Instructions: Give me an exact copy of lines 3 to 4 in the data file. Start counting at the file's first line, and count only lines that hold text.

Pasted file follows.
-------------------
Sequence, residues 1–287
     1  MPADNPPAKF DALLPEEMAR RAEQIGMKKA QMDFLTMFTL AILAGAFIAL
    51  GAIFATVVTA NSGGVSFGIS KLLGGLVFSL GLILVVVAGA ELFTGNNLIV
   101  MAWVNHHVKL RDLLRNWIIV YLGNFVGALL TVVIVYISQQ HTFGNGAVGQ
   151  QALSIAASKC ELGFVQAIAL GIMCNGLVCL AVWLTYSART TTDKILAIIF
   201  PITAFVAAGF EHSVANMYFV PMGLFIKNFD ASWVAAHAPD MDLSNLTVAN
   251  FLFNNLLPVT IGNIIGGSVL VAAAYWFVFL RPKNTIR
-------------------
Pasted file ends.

    51  GAIFATVVTA NSGGVSFGIS KLLGGLVFSL GLILVVVAGA ELFTGNNLIV
   101  MAWVNHHVKL RDLLRNWIIV YLGNFVGALL TVVIVYISQQ HTFGNGAVGQ